Doctors tell Trump, Congress to stop blaming mental health for gun violence

A stethoscope on a computer keyboard
Medical associations are calling for action to end gun violence. (Getty/anyaberkut)

Six prominent physician groups have called on President Donald Trump and Congress to take comprehensive action to help end gun violence following last week’s mass shooting at a Florida high school.

The medical associations issued a joint statement urging government action, including labeling gun violence a national public health epidemic.

Seventeen children and adults in Parkland, Florida, were killed during the Valentine’s Day shooting. A 19-year-old former student, who was armed with an assault weapon, has been charged in the killings.

“The families of the victims in Parkland and all those whose lives have been impacted by daily acts of gun violence deserve more than our thoughts and prayers. They need action from the highest levels of our government to stop this epidemic of gun violence now,” the statement said.

The statement was signed by the American Psychiatric Association, the American Academy of Pediatrics, the American Academy of Family Physicians, the American College of Physicians, the American College of Obstetricians and Gynecologists, and the American Osteopathic Association.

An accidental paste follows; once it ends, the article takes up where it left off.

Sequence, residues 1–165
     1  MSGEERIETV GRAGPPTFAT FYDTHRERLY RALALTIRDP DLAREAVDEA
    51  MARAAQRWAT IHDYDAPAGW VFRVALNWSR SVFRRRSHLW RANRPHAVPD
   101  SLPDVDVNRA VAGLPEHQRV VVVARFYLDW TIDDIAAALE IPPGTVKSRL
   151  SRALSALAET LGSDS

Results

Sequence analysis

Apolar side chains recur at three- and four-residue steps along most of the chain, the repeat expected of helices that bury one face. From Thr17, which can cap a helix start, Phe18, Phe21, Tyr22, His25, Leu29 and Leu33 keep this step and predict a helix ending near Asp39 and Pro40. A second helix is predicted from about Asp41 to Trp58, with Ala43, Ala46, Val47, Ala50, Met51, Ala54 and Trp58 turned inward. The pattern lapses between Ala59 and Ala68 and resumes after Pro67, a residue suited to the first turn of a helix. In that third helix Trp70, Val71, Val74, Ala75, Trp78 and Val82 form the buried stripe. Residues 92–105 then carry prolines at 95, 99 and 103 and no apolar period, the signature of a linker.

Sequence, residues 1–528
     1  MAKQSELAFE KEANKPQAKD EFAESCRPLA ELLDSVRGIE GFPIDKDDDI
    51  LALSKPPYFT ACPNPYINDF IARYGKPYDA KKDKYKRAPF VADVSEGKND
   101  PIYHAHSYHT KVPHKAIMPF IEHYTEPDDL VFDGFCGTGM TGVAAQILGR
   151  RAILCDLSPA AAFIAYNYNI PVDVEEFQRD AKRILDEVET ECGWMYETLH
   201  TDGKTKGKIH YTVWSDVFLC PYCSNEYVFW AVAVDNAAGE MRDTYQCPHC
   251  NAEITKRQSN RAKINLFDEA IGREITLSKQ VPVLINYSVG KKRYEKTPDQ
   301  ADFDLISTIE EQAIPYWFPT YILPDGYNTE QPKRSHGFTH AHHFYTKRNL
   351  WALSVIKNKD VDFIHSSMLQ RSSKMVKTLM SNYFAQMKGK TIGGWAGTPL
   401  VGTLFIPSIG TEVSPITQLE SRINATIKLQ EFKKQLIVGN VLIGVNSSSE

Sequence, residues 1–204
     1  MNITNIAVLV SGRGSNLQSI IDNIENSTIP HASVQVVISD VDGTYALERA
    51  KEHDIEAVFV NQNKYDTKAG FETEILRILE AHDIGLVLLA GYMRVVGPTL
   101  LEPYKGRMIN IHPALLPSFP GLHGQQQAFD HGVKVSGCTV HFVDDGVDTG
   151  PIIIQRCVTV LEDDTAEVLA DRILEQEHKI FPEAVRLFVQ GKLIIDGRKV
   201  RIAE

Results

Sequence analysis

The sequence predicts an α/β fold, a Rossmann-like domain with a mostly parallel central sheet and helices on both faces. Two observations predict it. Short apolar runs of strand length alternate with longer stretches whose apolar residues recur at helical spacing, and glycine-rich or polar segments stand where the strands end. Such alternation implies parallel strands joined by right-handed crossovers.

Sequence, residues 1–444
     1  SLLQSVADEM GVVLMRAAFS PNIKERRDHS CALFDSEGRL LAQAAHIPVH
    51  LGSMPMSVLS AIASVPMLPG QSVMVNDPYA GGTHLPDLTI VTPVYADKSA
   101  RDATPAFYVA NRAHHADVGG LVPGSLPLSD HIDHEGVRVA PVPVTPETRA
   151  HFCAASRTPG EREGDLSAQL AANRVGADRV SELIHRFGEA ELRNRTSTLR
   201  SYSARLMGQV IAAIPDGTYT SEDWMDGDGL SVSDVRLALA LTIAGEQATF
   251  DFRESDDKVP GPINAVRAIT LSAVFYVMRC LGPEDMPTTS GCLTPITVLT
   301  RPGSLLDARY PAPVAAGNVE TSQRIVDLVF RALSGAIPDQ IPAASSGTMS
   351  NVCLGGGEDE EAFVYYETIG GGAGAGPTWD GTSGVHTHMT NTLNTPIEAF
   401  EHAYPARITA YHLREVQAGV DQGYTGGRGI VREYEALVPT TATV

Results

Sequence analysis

The groups called for limits on high-powered, rapid-fire weapons and funding of gun violence research at the Centers for Disease Control and Prevention.

HHS Secretary Alex Azar indicated last week that he would support the CDC conducting research into gun violence. The American Medical Association—which has called gun violence a public health crisis—said it backs Azar's commitment to the CDC researching gun violence.

The medical community is also frustrated that the Trump administration’s response to the mass shooting focuses on mental illness rather than the easy availability of guns, according to the Associated Press.

"The concept that mental illness is a precursor to violent behavior is nonsense," Louis Kraus, M.D., forensic psychiatry chief at Rush University Medical College in Chicago, told the news agency. "The vast majority of gun violence is not attributable to mental illness."

The accused shooter, Nicholas Cruz, has been described as a loner with troubling behavior who had been kicked out of the school. Trump has focused on his mental health when he addressed the shooting.

However, the need for better mental and behavioral health services was highlighted in a recent survey by NEJM Catalyst. The survey found that 51% of healthcare professionals consider their organizations' mental and behavioral health services not very adequate or not at all adequate to meet the needs of their patient population.

The survey of NEJM Catylist Insights Council members found the most pressing barriers to delivering mental and behavioral services are absent or inadequate insurance coverage (34%), fragmentation of care (33%) and lack of access to specialty care (32%).